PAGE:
Each evaluation must address several issues concerning what is an adequate sample size:
 Goals of the sample design, particularly the key outcomes to be measured
 Minimum precision standard for each goal
 Balance of the sample between the experimental or demonstration group and the control or comparison group
 Relative emphasis on overall impacts versus subgroup impacts
 Implications for sample size of a nonexperimental versus an experimental design

a. Outcomes to Be Measured

In Chapter II, we discussed the importance of narrowing or prioritizing the list of research questions that an evaluation is intended to answer. This is particularly important in sample design, since a sample that is designed to provide precise estimates of one outcome may be very weak for other outcomes. To build a sample that can answer the key research questions, it is important to determine the key outcome (or, at most, a handful of key outcomes) the evaluation is seeking to address, the level of variation in that outcome, and the expected magnitude of the impact on that outcome.
In most welfare reform evaluations, four key outcomes are the focus of the impact analysis: (1) the proportion of cases on cash assistance, (2) the mean benefit per case, (3) the proportion of cases with someone working, and (4) the mean earnings per case. Of these four outcomes, those that policymakers consider particularly important should be the focus of the sample design. If all four are of roughly equal importance (as often happens), the most conservative strategy is to focus on the outcome for which the relevant impact is likely to be hardest to detect (that is, the outcome that requires the largest sample to detect a statistically significant impact). The two factors that determine the ease of detecting an impact for a particular outcome are (1) the variance of the outcome (which affects the variance of the impact estimate), and (2) the likely magnitude of the impact.
Among the four outcomes, earnings is likely to have the largest variance relative to the mean, and thus to require the largest sample size to detect an impact of a certain proportion; therefore, in many cases, samples are most conservatively designed to detect impacts on mean earnings. The likely magnitude of the impact also is important, however. In many past employmenttraining demonstrations, the proportionate impact on AFDC benefits tended to be smaller than the proportionate impact on earnings (Gueron and Pauly 1991). If a key goal is to be able to detect even a small impact on cash assistance benefit levels, that outcome may be the appropriate focus of the sample design.
A sample well designed for assessing impacts on these key outcomes may be weak for assessing other types of impacts. For example, the terms and conditions have required many states to assess the impacts of welfare reform on Medicaid paid claims. Because Medicaid paid claims vary extensively in the population (as some individuals have very high medical costs, but most have low costs), even large average experimentalcontrol differences in Medicaid claims may not be statistically significant, with a sample designed primarily to estimate impacts on earnings.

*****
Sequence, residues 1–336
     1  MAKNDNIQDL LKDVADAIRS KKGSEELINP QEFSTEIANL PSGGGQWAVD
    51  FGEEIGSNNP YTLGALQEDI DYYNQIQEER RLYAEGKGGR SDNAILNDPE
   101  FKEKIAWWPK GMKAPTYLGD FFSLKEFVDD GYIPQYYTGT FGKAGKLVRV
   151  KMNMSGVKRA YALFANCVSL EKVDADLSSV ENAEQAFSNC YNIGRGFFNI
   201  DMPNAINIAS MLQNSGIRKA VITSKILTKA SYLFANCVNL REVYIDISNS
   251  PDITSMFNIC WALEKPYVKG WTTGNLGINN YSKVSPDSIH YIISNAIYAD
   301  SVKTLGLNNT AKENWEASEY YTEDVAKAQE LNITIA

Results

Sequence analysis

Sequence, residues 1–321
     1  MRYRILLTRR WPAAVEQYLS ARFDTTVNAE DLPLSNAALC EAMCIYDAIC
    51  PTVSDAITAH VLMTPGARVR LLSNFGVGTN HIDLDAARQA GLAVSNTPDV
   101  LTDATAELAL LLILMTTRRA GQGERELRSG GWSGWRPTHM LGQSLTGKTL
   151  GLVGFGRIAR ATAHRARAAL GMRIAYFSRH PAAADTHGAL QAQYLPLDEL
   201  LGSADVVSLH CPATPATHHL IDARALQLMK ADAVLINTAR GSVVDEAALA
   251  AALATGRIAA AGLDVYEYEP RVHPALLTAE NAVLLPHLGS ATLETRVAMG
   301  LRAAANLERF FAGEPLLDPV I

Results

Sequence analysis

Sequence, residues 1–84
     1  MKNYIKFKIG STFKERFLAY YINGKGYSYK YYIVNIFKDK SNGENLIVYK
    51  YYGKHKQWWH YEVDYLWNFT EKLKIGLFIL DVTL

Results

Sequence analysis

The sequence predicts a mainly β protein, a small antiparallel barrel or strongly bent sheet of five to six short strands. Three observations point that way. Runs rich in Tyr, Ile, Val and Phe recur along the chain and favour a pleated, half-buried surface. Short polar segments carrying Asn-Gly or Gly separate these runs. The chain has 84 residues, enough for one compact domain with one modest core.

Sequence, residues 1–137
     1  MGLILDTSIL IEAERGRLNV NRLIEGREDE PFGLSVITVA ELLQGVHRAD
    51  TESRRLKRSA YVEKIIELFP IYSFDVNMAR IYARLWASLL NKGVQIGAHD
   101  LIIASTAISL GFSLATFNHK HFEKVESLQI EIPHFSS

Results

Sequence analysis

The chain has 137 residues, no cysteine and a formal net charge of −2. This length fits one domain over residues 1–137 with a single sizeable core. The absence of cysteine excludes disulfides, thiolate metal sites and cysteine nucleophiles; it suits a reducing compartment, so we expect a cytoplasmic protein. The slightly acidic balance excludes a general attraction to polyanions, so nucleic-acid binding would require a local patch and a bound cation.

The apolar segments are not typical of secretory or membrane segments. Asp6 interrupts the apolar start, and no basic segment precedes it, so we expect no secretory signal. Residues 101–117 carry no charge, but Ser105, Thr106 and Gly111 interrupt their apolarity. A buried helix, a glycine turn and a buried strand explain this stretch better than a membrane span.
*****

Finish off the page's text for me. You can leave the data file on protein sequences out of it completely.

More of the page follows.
Regression adjustment of impact estimates for baseline characteristics reduces the standard error of the impact estimates slightly (and thus, in principle, the sample size needed to detect a certain difference). Of the randomassignment evaluations reviewed here, only the Minnesota MFIP evaluation took into account the role of regression adjustment in determining desired sample size.


b. Precision Standard

The needed sample size also depends on the level of precision at which the impact is to be measured. The precision standard for a sample design is determined by three factors: (1) the desired level of statistical significance for the impact estimate, (2) the power of the sample design (the probability of detecting the desired effect), and (3) whether a onesided or a twosided hypothesis test is used. A result is referred to as statistically significant if the probability of the true impact being zero, given the estimated impact and its standard error, is very lowgenerally 10 percent or less (typical standards are 10 percent, 5 percent, or 1 percent). For a given size impact, the smaller the standard error, the more statistically significant the estimate; larger sample sizes are thus required to detect an effect at the 1 percent level of significance than at the 5 percent level. The power of the design is the probability of detecting an effect, assuming an effect of a given size is presentfor example, if the design has 80 percent power to detect a 5 percentage point impact at a 5 percent significance level, then, assuming the true impact of the program is 5 percentage points, the probability that a statistically significant impact will be observed is 80 percent. The larger the sample size, the higher the power of the sample to detect impacts of a given size and significance level.
Most evaluation research uses twosided hypothesis tests, under the assumption that it is useful to distinguish effects in the desired or the unintended direction from policies with no effect. Bloom (1995) argued that onesided tests may be adequate for most evaluations, since the key concern is to distinguish whether a policy had the desired effect or not. The advantage of one sided tests is that smaller sample sizes are needed than in twosided tests to achieve a given level of power and statistical significance.


c. Sample Balance

Dividing the sample into equal numbers of experimental (demonstration) and control (comparison) cases (this is referred to as a "balanced" design) leads to estimates with the highest level of precision, for a given total sample size.